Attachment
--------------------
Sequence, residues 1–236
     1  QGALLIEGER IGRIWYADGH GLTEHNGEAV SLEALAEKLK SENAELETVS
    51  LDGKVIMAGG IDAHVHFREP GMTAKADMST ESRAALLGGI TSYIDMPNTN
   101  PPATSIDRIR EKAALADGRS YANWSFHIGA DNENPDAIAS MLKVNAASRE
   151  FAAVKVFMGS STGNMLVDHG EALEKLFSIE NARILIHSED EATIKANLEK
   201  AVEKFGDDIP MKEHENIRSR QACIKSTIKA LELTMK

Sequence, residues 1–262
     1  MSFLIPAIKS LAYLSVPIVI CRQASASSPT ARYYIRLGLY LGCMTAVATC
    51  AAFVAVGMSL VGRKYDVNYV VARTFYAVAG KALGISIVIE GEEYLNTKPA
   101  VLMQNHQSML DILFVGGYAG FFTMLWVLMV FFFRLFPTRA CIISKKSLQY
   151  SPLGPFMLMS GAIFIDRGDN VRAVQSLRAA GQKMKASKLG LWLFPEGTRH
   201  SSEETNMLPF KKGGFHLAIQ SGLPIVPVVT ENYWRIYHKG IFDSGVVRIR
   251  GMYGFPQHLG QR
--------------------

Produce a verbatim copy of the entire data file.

Sequence, residues 1–236
     1  QGALLIEGER IGRIWYADGH GLTEHNGEAV SLEALAEKLK SENAELETVS
    51  LDGKVIMAGG IDAHVHFREP GMTAKADMST ESRAALLGGI TSYIDMPNTN
   101  PPATSIDRIR EKAALADGRS YANWSFHIGA DNENPDAIAS MLKVNAASRE
   151  FAAVKVFMGS STGNMLVDHG EALEKLFSIE NARILIHSED EATIKANLEK
   201  AVEKFGDDIP MKEHENIRSR QACIKSTIKA LELTMK

Sequence, residues 1–262
     1  MSFLIPAIKS LAYLSVPIVI CRQASASSPT ARYYIRLGLY LGCMTAVATC
    51  AAFVAVGMSL VGRKYDVNYV VARTFYAVAG KALGISIVIE GEEYLNTKPA
   101  VLMQNHQSML DILFVGGYAG FFTMLWVLMV FFFRLFPTRA CIISKKSLQY
   151  SPLGPFMLMS GAIFIDRGDN VRAVQSLRAA GQKMKASKLG LWLFPEGTRH
   201  SSEETNMLPF KKGGFHLAIQ SGLPIVPVVT ENYWRIYHKG IFDSGVVRIR
   251  GMYGFPQHLG QR